This procedure was then repeated for a suitable range of concentrations at total pressures of 0.5, 0.75, 1.25, and 1.5 bar. The same considerations were made for reducing error as above. One thing to note is that at total pressures of less than atmospheric there was always a slight influx of outside air, due to the imperfect seals, however the effect of this was negligible.

  1. Experimental Results

To find a correlation between the concentration of methane and the bridge output voltage we took the gradient of the initial increasing linear section of the raw data. Figure 3 below shows this for the case with concentration 5% of methane with a total pressure of 1 bar. As can be seen, the measured data falls away as reactant, the natural gas, is used up in the reaction. Figure 3 also shows that there is a very sharp spike as the output voltage varied greatly when the sensor was first switched on. This illustrates that care was needed when selecting which section of the curve to use to calculate the gradient.

Figure 3. Plotting the raw data from the data logging software results in curves such as this. Here the Bridge Output Voltage is plotted versus time for 1 bar total pressure, 5% concentration. Raw data is plotted with the linear trend line (by least squares method) overlaid to show the gradient used.

This is the right method to use to find concentration because, according to Hammett, “the rate of any chemical reaction is proportional to the product of the concentrations of the substances actually involved in the reaction.” [7] and the gradient of Figure 3 is a rate of reaction. The next step was to establish the gradients, or initial reaction rates, of 1%, 2%, 3%, and 4% methane mixtures. These are shown in Figure 4, along with 5%, for a total pressure of 1 bar. Figure 5 shows these gradients again, but all in order and passing through the origin to better show the steady increase in gradient.

 

Figure 4. The linear sections of Figure 3 and the corresponding graphs for the other concentrations at 1 bar are here plotted against time. This shows the differences in gradient.

 

Figure 5. Fitted lines of Voltage vs Time for 1 bar for different concentrations, forced through origin for clarity. This shows how much the gradient changed with concentration, the steeper the gradient, the higher the concentration (1%, 2%, 3%, 4%, and 5%).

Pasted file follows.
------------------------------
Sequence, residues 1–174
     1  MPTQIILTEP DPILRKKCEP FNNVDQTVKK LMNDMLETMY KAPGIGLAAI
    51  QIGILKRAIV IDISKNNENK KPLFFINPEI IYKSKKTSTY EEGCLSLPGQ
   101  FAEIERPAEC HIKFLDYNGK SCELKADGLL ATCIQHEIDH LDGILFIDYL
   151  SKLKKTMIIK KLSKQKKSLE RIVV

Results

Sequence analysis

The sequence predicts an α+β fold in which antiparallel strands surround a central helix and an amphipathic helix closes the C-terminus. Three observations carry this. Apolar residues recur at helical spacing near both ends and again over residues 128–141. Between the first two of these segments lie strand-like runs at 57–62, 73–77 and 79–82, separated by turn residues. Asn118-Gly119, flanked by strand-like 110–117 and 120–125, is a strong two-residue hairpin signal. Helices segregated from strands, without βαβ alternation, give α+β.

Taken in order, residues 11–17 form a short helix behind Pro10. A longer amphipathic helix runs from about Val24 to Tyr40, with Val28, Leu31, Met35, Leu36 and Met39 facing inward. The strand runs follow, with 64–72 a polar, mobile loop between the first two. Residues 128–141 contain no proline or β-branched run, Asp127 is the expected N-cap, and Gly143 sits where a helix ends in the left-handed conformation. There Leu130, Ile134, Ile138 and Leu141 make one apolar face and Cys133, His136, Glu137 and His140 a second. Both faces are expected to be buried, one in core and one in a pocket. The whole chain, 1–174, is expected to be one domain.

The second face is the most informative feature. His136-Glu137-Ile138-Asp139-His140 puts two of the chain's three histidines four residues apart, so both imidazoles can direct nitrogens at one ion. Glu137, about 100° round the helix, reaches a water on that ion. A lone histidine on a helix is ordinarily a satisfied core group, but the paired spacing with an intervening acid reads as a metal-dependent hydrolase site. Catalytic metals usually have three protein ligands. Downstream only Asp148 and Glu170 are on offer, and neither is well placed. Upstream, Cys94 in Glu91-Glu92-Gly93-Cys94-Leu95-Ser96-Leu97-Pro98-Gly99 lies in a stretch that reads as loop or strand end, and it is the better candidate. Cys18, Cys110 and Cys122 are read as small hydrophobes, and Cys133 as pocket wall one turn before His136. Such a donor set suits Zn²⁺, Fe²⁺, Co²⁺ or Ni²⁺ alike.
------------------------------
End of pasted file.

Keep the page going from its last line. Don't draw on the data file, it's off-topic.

Figure 6 shows processed data for 1 bar total pressure. The gradients of the lines from Figures 4 and 5 are plotted against their concentration. This allows us to find a constant linking the raw data to the concentration for this pressure. Table 1 goes on to show the values of this constant for the other pressures analysed. The raw data for these is not shown here, but the process and data is similar to that for 1 bar.

Figure 6. 1 bar concentration relationship, showing rate of change of voltage versus concentration of methane with a linear fit (least squares). The error bars are from the uncertainty in output voltage.

Table 1. Rate of reaction and concentration proportionality constants for range of pressures

 

Constant of Proportionality (10-4 Vs-1 per % methane)

Standard Error

0.75 bar

6.5

±1.6

1.00 bar

8.7

±0.4

1.25 bar

16.2

±0.8

1.50 bar

25.3

±1.9

Figure 7 shows the relation between the pressure and the concentration. Also included are a second order polynomial and a linear trend line (fitted by least squares). Vertical error bars are from standard error in Table 1 and horizontal error bars from ±0.1bar uncertainty in total pressure.

Figure 7. Gradient of rate of reaction plotted against concentration, given constant a, versus pressure.

  1. Discussion

Figure 6 shows the gradients of the lines in Figures 4 and 5, meaning the rates of reactions at different concentrations, plotted against the concentration of methane. This gives us a relationship between concentration and the initial rate of reaction, the quantity derived from the raw data, for a specific total pressure. For 1 bar this was 8.7±0.4 10-4 Vs-1 per % methane. The error in this comes from a combination of the uncertainty in the pressure measurement leading to uncertainty in concentration corresponding to ±0.1% in the worst case and a small random error in the output voltage of the bridge circuit corresponding to ±2×10-4V.